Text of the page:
Politics & Policy

Walker Has No Degree . . . Like Most Americans

(Getty Images)
But that hasn’t kept him from turning Wisconsin around and winning election after election.

Approximately 100 percent of the people I know graduated college. Many of them also have master’s degrees, J.D.s, and MBAs. In my world, those without such credentials are almost exotic.

But my world is unusual. As a Manhattan-based political commentor and think-tank scholar, I work and play with other members of the chattering classes who occupy newsrooms, TV studios, research institutions, and university classrooms in the so-called Bos-Wash corridor. This coastal strip, between the Charles and Potomac rivers, houses the Eastern elite. In this habitat, my Georgetown A.B. and NYU MBA are rather unremarkable. The bankers, consultants, and publicists who are my neighbors also festoon their offices with framed diplomas.

To some in this small but influential cohort, the notion of a president of the United States without such distinctions seems unusual, if not unthinkable.

Now comes Scott Walker, arguably the front-runner for the 2016 Republican presidential nomination. Wisconsin’s recently reelected governor attended Marquette University. However, during the spring of his senior year, he withdrew “in good standing,” according to school officials. Walker went to work full-time for the American Red Cross. He never finished his degree and, thus, is not a college graduate.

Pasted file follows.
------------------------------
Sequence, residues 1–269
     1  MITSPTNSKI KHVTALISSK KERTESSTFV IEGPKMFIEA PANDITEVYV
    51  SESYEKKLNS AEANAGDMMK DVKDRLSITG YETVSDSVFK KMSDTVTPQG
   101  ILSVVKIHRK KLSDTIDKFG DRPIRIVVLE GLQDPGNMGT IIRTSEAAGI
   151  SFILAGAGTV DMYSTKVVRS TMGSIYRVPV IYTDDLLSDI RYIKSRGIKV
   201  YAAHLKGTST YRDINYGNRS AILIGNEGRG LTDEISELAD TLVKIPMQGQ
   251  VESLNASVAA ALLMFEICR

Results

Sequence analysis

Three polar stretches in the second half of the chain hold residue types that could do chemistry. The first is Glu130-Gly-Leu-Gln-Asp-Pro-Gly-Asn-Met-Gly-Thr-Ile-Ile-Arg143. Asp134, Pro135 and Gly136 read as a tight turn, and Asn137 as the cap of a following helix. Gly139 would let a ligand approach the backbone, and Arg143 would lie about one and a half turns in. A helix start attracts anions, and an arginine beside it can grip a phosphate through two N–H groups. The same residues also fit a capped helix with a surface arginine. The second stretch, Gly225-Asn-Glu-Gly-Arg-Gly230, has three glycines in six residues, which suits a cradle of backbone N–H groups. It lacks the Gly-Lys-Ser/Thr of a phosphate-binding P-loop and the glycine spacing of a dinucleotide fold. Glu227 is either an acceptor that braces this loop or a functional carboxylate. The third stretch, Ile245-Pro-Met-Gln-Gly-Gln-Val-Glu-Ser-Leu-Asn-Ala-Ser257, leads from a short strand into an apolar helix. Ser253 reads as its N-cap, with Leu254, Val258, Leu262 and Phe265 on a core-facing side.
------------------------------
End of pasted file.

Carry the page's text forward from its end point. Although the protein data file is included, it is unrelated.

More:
This is more than some members of the elite can bear.

Scott Walker: College dropout.

“Scott Walker, were he to become president, would be the first president in many generations that [sic] did not have a college degree,” former Democratic National Committee chairman Howard Dean, M.D., fretted on MSNBC on February 12. Dean called Walker “unknowledgeable” and added: “The issue is how well educated is this guy? And that’s a problem. . . . I think there are going to be a lot of people who worry about that.”

One thing driving this sentiment is the sense among the well-insulated ruling class that “everyone graduated from college.” True, everyone we know did. However, this is not true nationally. Without a college degree, Walker may look like a space alien among those who frequent Amtrak’s high-speed Acela train. However, his education level makes him a remarkably typical American.